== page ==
Aung San Suu Kyi by Lucy Popescu

Lucy Popescu

Aung San Suu Kyi


In September demonstrations led by Buddhist monks in Burma were brutally suppressed by the military government. Smaller protests, initiated by pro-democracy activists, had been ongoing since 19 August following a huge increase in oil prices.

The world sat up and took notice when thousands of monks took to the streets and there were headlines referring to ‘the saffron revolution’. When the monks fled or were forcibly removed, civilians took their place at the forefront of the protests. Information was sketchy until the arrests and violence began to be reported via the Internet and blogspots and horrifying pictures, sent from mobile phones, began to circulate.

On 28 September The Times published a shocking picture of Japanese journalist Kenji Nagai, who had been shot and later died in hospital. The following day The Independent’s front page was completely black with the headline ‘what the Burmese junta wants you to see’. The inside pages were filled with ‘what the world must know’.

The media’s reaction to what has been happening in Burma may sound dramatic but human rights groups have been campaigning for democratic change for decades. The last demonstrations, led by students, against the military regime occurred in 1988 and were brutally suppressed. Sixteen years ago, Article 19 published a human rights country report entitled ‘State of Fear’ – a bleak outlook which remains prevalent today.

Aung San Suu Kyi’s situation has been documented in these pages various times, most recently in August 2006 after her house arrest was extended for a further year. It is perhaps no surprise that amidst the current turmoil in Burma our attention turns once again to the charismatic opposition leader as the country’s beacon of light. In fact, to refer to her party, the National League for Democracy (NLD), as ‘the opposition’ is not strictly accurate. In 1990 Suu Kyi’s party gained a landslide victory with 82 per cent of the vote, but the military regime (renamed the State Peace and Development Council in 1997) refused to recognise their right to rule and has kept a tight hold on power ever since.

Suu Kyi has spent most of the last eighteen years under house arrest, but for the Burmese people she represents their best hope for an end to the country’s military repression. Now calls for her release have become more urgent and even Hollywood is involved, with actor Jim Carrey spearheading a campaign urging Americans to join the effort to free Aung San Suu Kyi, hailed as ‘the world’s only imprisoned Nobel Peace Prize recipient’.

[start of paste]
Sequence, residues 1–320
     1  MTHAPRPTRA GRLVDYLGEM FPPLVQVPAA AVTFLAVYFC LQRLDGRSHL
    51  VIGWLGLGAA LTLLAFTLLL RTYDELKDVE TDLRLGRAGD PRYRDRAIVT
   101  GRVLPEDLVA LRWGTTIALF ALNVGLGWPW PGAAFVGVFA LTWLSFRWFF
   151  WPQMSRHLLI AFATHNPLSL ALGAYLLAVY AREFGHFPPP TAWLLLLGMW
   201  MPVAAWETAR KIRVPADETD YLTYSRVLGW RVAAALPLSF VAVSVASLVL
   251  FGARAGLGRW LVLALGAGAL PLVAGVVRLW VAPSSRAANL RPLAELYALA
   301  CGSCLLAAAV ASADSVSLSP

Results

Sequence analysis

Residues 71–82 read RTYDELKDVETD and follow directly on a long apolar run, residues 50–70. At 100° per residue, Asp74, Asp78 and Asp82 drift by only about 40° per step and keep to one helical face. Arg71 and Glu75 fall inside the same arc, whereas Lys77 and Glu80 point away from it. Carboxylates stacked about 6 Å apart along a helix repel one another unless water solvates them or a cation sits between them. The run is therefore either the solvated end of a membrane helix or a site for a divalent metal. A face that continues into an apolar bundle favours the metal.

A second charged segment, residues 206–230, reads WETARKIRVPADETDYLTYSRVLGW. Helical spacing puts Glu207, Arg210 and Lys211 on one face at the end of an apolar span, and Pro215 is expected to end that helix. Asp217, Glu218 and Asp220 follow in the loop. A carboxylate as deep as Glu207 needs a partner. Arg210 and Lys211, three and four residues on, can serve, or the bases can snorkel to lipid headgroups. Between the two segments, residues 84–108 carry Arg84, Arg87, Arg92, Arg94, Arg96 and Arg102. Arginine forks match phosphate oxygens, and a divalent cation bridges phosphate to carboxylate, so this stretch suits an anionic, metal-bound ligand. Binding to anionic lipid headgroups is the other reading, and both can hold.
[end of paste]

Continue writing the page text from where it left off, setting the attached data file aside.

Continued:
The writers’ organisation PEN is also renewing calls on the government to lift all restrictions on the NLD and release Suu Kyi from house arrest. PEN is currently campaigning for the release of nine writers, serving sentences ranging from seven to twenty-one years’ imprisonment, detained for their peaceful opposition activities. It has also issued urgent appeals on behalf of comedian Par Par Lay (aka U Pa Pa Lay), who is one among many pro-democracy activists reported to have been arrested during the protests. According to PEN’s information, Par Par Lay was arrested on 25 September 2007 during the crackdown on protestors, and there are mounting concerns for his well-being and safety. U Par Par Lay has been in trouble with the authorities before. On 4 January 1996 Par Par Lay was among a group of entertainers who performed at the home of Suu Kyi, in a celebration commemorating the 48th anniversary of Burma’s independence from Britian. The comedian had joked that government cooperatives were thieves and sang a comic song about the ruling generals.  He was arrested and sentenced to seven years imprisonment for ‘spreading false news, knowing that it is untrue.’ He was released on 13 July 2001 and has allegedly been kept under close surveillance by Military Intelligence ever since.

Suu Kyi is an eloquent spokesperson for the people. Ten years ago Penguin published her Letters from Burma. In one she wrote:

How many can be said to be leading normal lives in a country where there are such deep divisions of heart and mind, where there is neither freedom nor security? When we ask for democracy, all we are asking is that our people should be allowed to live tranquilly under the rule of law, protected by institutions which will guarantee our rights, the rights that will enable us to maintain our human dignity, to heal long festering wounds and to allow love and courage to flourish? Is that such a very unreasonable demand?

Her words are just as relevant today but, given the recent unrest, they have an additional poignancy.

There has been much debate in the British press about the efficacy of international intervention and even which countries wield the most influence with the Burmese junta. However, most people agree that keeping silent is not an option and that appeals are a good thing, demonstrating to the military regime that the world is watching.

Before the protests, the regime had released some political prisoners and it was thought this was down to international pressure. Readers may like to send appeals calling for the release of Aung San Suu Kyi, the comedian Par Par Lay, and all those detained in violation of their right to freedom of expression and association to:

General Than Shwe
c/o Embassy of the Union of Myanmar
19A Charles St
Berkeley Square
London W1J 5DX
Fax: 020 7629 4169

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